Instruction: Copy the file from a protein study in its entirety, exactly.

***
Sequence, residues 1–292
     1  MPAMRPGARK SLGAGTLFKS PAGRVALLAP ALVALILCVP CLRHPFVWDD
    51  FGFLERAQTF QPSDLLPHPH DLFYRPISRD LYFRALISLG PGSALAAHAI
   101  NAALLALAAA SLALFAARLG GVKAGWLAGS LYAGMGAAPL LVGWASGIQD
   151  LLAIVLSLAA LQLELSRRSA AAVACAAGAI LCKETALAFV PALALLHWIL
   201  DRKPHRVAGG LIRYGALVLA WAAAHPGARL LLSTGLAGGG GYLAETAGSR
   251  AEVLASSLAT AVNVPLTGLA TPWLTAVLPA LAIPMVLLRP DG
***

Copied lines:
Sequence, residues 1–292
     1  MPAMRPGARK SLGAGTLFKS PAGRVALLAP ALVALILCVP CLRHPFVWDD
    51  FGFLERAQTF QPSDLLPHPH DLFYRPISRD LYFRALISLG PGSALAAHAI
   101  NAALLALAAA SLALFAARLG GVKAGWLAGS LYAGMGAAPL LVGWASGIQD
   151  LLAIVLSLAA LQLELSRRSA AAVACAAGAI LCKETALAFV PALALLHWIL
   201  DRKPHRVAGG LIRYGALVLA WAAAHPGARL LLSTGLAGGG GYLAETAGSR
   251  AEVLASSLAT AVNVPLTGLA TPWLTAVLPA LAIPMVLLRP DG